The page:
Smooth Artist Interviews
How did this new album and overall concept for it come about, and what are your ultimate goals with it?
Andrea : I was approached just after quarantine in April 2020 about doing this album, so the timing was incredible. Producer Chris Gordon reached out to me on behalf of band founder and trombonist Jim Lewis. I was offered a deal to record my own original music with the San Gabriel 7. New arrangements of all the songs were written by Dave Cushman to feature the full band, including the horn section and solos. My goals are to sell the record, tour and perform the music at festivals and concerts worldwide.
What aspect of the creative process, from concept to market, do you personally find to be the most rewarding?
My favorite aspect of the creative process is the gradual evolution of the actual recording. The writing process is the groundwork, but there is something so exciting about being in the studio and starting to record what will eventually become final. I love hearing the different instruments being added to form the full track. My favorite part is laying down my background vocals and then singing the lead. I also love listening to and watching the mixing process. It’s so exciting how the final “recipe” turns out after it is marinated, cooked, and seasoned!
What would your top “desert island” classic albums be, regardless of genre… the albums you turn to time after time for your own personal enjoyment and inspiration?
SONGS IN THE KEY OF LIFE, TALKING BOOK, THE BEST OF BILL WITHERS, CLAIR DE LUNE
Of your touring and gigs so far in your career, do any standout?
I was honored to open for Al Jarreau and tour with him just prior to his passing. I was booked to open for his European World tour, but sadly that never happened. I learned so much from him and am so incredibly grateful for the short time I had working with him. Another stand out moment was when I headlined with The Salem Pops Orchestra and performed “God Bless the Child” alongside my Dad who was featured on clarinet. I also loved doing concerts in Polanco, Mexico City and Lyon, France, as well as Chicago, New York, Utah, and Florida. I love it when my music takes me places – literally!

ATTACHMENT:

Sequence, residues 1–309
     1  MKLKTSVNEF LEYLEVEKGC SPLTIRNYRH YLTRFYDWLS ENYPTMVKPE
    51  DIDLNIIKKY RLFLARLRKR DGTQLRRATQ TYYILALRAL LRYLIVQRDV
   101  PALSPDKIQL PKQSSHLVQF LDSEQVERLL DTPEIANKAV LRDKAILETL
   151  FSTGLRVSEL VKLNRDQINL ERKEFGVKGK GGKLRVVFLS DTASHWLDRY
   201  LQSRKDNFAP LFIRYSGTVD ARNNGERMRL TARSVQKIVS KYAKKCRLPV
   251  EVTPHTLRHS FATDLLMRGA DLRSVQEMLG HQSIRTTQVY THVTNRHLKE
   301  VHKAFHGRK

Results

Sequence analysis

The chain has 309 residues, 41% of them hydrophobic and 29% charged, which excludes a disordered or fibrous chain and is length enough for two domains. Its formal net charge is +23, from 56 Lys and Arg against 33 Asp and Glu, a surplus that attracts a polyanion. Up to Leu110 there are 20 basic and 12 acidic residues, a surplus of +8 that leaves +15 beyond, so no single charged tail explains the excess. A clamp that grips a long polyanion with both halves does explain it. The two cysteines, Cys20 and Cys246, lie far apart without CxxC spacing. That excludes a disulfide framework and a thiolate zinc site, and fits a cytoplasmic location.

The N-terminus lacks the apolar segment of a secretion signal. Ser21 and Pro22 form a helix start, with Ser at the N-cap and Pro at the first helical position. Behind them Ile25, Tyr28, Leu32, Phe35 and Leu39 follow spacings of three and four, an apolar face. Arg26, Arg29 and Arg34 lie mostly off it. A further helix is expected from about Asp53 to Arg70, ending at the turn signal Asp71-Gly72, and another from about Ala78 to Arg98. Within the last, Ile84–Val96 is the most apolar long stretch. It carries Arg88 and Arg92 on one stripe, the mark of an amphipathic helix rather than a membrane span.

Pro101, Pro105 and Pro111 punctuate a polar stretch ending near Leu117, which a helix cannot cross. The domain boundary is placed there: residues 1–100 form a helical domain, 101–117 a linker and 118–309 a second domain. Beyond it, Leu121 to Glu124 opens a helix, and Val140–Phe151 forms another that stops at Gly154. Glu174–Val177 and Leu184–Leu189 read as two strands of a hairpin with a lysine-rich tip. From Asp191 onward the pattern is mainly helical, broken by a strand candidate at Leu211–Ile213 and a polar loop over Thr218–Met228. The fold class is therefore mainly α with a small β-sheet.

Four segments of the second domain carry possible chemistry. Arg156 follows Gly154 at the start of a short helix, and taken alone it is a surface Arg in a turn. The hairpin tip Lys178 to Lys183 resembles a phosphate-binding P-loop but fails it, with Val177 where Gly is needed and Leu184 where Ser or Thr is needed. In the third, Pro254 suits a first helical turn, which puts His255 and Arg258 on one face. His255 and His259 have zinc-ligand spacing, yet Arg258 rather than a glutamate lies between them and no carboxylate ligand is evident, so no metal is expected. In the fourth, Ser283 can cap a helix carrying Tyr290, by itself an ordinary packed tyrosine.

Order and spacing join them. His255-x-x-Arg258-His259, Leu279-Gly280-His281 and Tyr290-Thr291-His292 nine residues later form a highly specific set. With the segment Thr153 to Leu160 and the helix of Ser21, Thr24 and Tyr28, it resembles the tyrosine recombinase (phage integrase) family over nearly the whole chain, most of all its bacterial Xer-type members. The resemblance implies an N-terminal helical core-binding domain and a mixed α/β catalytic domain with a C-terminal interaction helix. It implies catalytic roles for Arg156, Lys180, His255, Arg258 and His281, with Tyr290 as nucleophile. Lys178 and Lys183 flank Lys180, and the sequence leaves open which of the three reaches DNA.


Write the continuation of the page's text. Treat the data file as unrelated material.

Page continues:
Going back in your life as far as you can remember, what song or performance is the first you recall hearing and being affected by?
I was probably 5 years old the first time I heard Judy Garland sing “Over the Rainbow”. Even as a child I was transported into another dimension of wonder, joy, and pure bliss when the music took over. I realized then how powerful music is and the ability we have to be affected by it. I have been singing that song ever since and never tire of it.
How would you finish this sentence?
I don’t like to go a day without... being incredibly grateful for what I have and what got me here, including my music, my friends, my family and my beliefs.
What artists do you feel akin to or in the same tribe with?
SG7 : The great Tower of Power of course – the best horn band of all time in my opinion! Also, Santa Fe and The Phat City Horns from Vegas and the legendary Brecker Brothers. These are the motivating groups for me.
What do you find to be the most challenging aspect of recording a new album?
SG7 : The development of new material for the band to perform. Fortunately, we have a very gifted and experienced pair of writers and arrangers in Dave Cushman and Chris Gordon. Both have been in the business for over 25 years.
How would you describe what inspires you to do what you do?
SG7 : The excitement of creating new music in a new way that showcases the best of every musician is what inspires me. We approach every project from this perspective.
Of your touring and gigs so far in your career, do any standout as being particularly memorable or defining moments?
SG7 : Our 2012 tour of Australia with the great Bill Watrous and Ingrid James is the most memorable for me. Musically speaking, these two together on stage was an historic event.
What elements do you look for in a song that makes it especially satisfying for you to perform?
SG7 : Melody, form, and emotional movement are the keys for me. After that, it’s the arrangement by Dave Cushman and the producing of Chris Gordon that make it come to life.
If you were asked (and we are asking now!) for your advice as to what the Smooth jazz format could do moving forward to insure it relevance and growth, what would your suggestion(s) be?
SG7 : Be original! Avoid repetitious loop tunes that don’t inspire creativity. The goal is for the music to be the primary focus of listening – not what is played in the background during conversation.